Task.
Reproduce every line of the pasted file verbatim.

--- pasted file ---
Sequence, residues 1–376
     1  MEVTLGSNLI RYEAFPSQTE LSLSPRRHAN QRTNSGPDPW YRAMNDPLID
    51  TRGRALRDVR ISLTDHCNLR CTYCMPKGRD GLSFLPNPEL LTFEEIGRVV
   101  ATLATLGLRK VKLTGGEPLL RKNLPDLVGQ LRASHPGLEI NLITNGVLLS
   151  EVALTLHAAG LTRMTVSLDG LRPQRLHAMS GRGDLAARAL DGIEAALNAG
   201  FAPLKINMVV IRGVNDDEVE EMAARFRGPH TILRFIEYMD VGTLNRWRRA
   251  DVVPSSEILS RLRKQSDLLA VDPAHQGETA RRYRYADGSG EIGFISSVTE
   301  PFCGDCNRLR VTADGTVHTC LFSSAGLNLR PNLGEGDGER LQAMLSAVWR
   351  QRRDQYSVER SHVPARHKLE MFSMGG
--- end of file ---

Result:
Sequence, residues 1–376
     1  MEVTLGSNLI RYEAFPSQTE LSLSPRRHAN QRTNSGPDPW YRAMNDPLID
    51  TRGRALRDVR ISLTDHCNLR CTYCMPKGRD GLSFLPNPEL LTFEEIGRVV
   101  ATLATLGLRK VKLTGGEPLL RKNLPDLVGQ LRASHPGLEI NLITNGVLLS
   151  EVALTLHAAG LTRMTVSLDG LRPQRLHAMS GRGDLAARAL DGIEAALNAG
   201  FAPLKINMVV IRGVNDDEVE EMAARFRGPH TILRFIEYMD VGTLNRWRRA
   251  DVVPSSEILS RLRKQSDLLA VDPAHQGETA RRYRYADGSG EIGFISSVTE
   301  PFCGDCNRLR VTADGTVHTC LFSSAGLNLR PNLGEGDGER LQAMLSAVWR
   351  QRRDQYSVER SHVPARHKLE MFSMGG